These days, if there’s been an incident of police brutality, there’s a good chance it’s on tape. Or in the cloud. Whatever the terminology, the point is that people regularly use their smartphones to film police officers. The question for some is whether this kind of recording is legal. If an officer arrests someone and notices you holding your phone horizontally with two hands and pointing it in his direction, should you be concerned?
While you might not necessarily curry favor with an officer in this position, the law is simple: As long as you don’t interfere with them, it’s typically legal to openly record the police carrying out their duties in public.
(For much more on the right to record officers, see our section devoted to Recording the Police.)
But officers don’t always act as if it’s legal to film them. To that point, in 2014 the New York Police Department circulated a memo to its officers reminding them that members of the public are entitled to record police behavior. The memo also said that “[i]ntentional interference such as blocking or obstructing cameras or ordering the person to cease constitutes censorship and also violates the First Amendment.” (Caitlin Nolan, Thomas Tracy, “NYPD cops receive memo reminding them they can be filmed while on duty,” Daily News, August 10, 2014.)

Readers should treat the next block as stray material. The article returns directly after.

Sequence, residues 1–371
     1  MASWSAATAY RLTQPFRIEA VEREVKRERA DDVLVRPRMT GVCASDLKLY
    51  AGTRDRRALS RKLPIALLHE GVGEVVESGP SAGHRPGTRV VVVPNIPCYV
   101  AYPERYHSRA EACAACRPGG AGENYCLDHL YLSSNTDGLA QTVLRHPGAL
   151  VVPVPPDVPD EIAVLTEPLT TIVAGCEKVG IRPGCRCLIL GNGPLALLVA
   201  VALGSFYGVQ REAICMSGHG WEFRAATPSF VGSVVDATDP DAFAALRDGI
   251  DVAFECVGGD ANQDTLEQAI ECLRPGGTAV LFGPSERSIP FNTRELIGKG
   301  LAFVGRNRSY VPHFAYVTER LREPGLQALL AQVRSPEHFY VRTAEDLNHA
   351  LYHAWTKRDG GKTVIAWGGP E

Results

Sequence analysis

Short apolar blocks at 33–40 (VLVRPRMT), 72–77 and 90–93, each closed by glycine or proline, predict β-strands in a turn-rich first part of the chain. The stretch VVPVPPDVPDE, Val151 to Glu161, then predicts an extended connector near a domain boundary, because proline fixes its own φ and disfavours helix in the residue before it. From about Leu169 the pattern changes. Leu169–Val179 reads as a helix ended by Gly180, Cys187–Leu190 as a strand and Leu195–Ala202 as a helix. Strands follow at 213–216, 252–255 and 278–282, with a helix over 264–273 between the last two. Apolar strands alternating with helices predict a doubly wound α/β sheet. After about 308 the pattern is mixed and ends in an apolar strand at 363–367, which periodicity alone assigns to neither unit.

The NYPD is right: Time and time again, courts have held that the First Amendment protects the act of filming or audio recording officers performing their responsibilities in public. Certain facts can, however, create wrinkles. For instance, the Massachusetts Supreme Court once held that a state statute prohibiting the secret recording of oral communications applied to a defendant who surreptitiously tape-recorded police officers during a traffic stop. (Com. v. Hyde, 434 Mass. 594 (2001).)